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:: The Holiday Plan ::
08 October 2003 / Academy 3 / Manchester
By Dave Himelfield

The term “Emo” was first used (I believe) to describe hardcore groundbreakers Rites of Spring. They took punk away from the thuggish, jock contingency and began to play around with more than just power chords, creating a sound that managed to captivate more imagination without dropping the tempo. NME were keen to create some kind of scene around it some two years ago with a somewhat uneasy quadruple page spread of how to dress and who to like. Emo was seen as perhaps the next progressive step away from nu-metal and puerile punk. And then hairs were split once more. Emo became a pejorative term for whiny, Blink 182 in better fitting pants teen-friendly horse poo. “Post-hardcore” however was what mature, real folk listened to where the whines and screams were also real, apparently. There were some real pioneers; the ones that would pursue you through a sewer with a knife between the teeth intent on cutting your throat or more likely, pretend they hadn’t heard you should you use that word. Then there were those that really did deserve the labelling of a devalued subgenre and possibly the slashing of their guitar strings and £70 shrink to fit T-shirts. I mention no names.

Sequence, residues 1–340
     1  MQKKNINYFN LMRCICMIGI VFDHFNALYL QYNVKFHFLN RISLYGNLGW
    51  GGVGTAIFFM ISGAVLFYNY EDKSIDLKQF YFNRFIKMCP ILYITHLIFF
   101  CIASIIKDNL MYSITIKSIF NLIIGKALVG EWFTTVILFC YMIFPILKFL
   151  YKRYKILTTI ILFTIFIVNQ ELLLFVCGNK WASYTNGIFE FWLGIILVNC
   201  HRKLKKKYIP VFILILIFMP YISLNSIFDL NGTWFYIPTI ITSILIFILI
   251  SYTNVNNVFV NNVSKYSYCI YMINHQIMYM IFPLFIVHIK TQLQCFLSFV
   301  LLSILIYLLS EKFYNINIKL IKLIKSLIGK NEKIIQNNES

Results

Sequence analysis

The Holiday Plan are certainly undeserved of such belittling. How deserved of the former praise however fluctuates frequently. There are occasional emo-by-numbers moments where you’ll be biting hard into your foam 80s style baseball hat but there’s also moments of satisfying if not quite awe inspiring power. The usual stop-start angular guitars and rhythms together with vocals that oscillate between a resigned whisper and a throaty howl (presumably about soul-bruising ex-girlfriends) are all present. Instrumental breaks are suitably chunky and noisy and each piece displays a reasonable degree of thought processing. Place somewhere between the muscular angst of Hot Water Music, punked-up pop of The Get Up Kids and dark, wistful plaids of Sunny Day Real Estate and you’re getting warm. There are a handful that do it better (see above), but the number that do it worse however, could extend into quadruple figures. While The Holiday Plan couldn’t really be described as “essential”, they are essentially well above mediocrity.

Dave Himelfield

Holiday Plan Website

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